Yesterday, Google announced a new incubator exclusively focused on urban issues. While more maps and apps are great, let's hope the startup can use this platform to work on a solution for the biggest problem facing cities: Housing the 2.5 billion people who are going to move into them by 2050. Google needs to create the affordable housing equivalent of the self-driving car.
With a focus that sounds somewhere between the large civic data projects of IBM and a hacker-focused nonprofit like Code for America, Footpath Labs will be a separate Google company based in New York that builds products and tools around issues facing cities. Last night, Google founder Larry Page hinted at some of those issues in a blog post: "Footpath will focus on improving city life for everyone by developing and incubating urban technologies to address issues like cost of living, efficient transportation and energy usage."
While Google is already expending plenty of effort around transportation (Waze) and energy use (Nest), no tech company has managed to tackle the "cost of living." It's an idea worth exploring because it could mean a radical shift in the quality of life for humans living in crowded, expensive cities. And let's face it, they're all going to be crowded and expensive.
Page's post related Footpath Labs to Google X, which is where Google's autonomous car program originated. While the self-driving car program has its many critics, it has undoubtably transformed the conversation around transportation and inspired many other mobility projects. It has given us a real-world example of a technology that seemed centuries away. It has changed the way we talk about our transportation future.
Applying this same moonshot-level thinking to affordable housing could provide that same roadmap to a better future for every city on the planet. At the same time, it would be a tech solution that went beyond apps and maps — and truly engage in thorny urbanism issues like homelessness.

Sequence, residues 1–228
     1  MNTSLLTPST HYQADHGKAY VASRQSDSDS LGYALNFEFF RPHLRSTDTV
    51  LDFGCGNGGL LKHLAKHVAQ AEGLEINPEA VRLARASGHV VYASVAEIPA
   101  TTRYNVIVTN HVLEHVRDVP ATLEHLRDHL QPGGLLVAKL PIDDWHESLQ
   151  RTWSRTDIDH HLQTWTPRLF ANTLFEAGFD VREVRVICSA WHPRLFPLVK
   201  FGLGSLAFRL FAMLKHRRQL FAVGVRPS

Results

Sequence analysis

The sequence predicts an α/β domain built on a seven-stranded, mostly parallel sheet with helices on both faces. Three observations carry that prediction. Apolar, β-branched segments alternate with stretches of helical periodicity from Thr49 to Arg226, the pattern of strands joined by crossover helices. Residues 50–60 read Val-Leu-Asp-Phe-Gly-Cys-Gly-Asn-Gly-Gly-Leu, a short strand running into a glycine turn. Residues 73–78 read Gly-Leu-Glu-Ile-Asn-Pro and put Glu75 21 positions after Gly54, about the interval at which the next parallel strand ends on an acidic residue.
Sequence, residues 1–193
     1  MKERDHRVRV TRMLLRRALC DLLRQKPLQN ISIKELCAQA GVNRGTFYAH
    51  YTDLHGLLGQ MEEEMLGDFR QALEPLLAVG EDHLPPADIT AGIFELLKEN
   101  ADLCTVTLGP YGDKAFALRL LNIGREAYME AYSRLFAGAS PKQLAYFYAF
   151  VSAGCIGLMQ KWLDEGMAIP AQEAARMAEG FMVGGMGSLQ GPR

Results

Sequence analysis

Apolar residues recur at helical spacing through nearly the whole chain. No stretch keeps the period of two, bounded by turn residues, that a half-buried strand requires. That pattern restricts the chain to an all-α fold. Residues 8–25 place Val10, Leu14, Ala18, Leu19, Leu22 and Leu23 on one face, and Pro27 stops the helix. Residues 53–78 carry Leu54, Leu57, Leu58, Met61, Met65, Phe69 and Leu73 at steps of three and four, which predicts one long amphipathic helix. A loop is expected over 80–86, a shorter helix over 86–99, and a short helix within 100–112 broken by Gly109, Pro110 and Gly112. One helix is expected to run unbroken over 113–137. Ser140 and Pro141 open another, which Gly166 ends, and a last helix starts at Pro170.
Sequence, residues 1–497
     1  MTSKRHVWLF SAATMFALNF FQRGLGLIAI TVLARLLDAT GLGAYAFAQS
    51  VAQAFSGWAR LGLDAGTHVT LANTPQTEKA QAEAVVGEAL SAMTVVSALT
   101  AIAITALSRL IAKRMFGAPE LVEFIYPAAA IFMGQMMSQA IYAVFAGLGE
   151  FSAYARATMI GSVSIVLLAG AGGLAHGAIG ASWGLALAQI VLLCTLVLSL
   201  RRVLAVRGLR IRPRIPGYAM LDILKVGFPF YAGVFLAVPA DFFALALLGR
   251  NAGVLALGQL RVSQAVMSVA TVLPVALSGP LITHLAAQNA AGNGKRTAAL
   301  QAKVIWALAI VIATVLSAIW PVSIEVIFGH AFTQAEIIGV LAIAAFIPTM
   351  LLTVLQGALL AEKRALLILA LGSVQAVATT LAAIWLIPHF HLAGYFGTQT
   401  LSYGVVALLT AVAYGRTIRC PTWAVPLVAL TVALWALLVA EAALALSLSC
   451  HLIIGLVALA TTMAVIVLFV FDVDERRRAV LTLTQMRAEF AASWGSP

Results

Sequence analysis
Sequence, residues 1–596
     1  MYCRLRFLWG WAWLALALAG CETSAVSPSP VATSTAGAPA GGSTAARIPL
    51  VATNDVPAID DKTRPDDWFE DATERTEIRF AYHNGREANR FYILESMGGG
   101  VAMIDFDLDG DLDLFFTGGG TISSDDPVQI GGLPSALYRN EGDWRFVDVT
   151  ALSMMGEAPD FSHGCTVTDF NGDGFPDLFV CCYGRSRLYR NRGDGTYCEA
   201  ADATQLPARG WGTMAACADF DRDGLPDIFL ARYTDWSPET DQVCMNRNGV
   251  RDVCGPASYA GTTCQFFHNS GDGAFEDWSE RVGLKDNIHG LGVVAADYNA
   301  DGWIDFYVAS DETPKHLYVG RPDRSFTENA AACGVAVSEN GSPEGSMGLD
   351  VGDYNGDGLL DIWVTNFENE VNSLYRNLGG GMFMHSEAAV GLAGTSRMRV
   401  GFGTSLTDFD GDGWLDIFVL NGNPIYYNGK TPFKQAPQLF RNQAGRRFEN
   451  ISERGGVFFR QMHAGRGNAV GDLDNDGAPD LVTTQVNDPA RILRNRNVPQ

Affordable housing is one area where Footpath Labs could be a huge win for cities everywhere. And it would also help to solve a problem that Google itself is being blame for creating — the rapid changes brought on by a tech bubble which are forcing many longtime residents out of a too-expensive city. (I'm looking at you, San Francisco.)
So, what does the self-driving car of affordable housing look like? There are a few things I could imagine. A game-changing microunit. A way to fairly register and award affordable apartments to those who need it most. A tech tool for urban dwellers to share resources. An online voting tool that allows citizens to support new developments. A new way to buy real estate. A transparent supermaterial that somehow helps cities bust through their development-barring height restrictions. (I'm looking at you again, San Francisco.)
At its I/O keynote a few weeks ago, Google proudly unveiled a suite of data-efficient mobile tools aimed at helping the "next billion" get online. These are very simple solutions which will help many people live better lives. If these same efforts to help the developing world access and share information through their phones could somehow be mirrored in the quest to housing another "next billion", Google's Footpath Labs will have achieved something truly great for cities.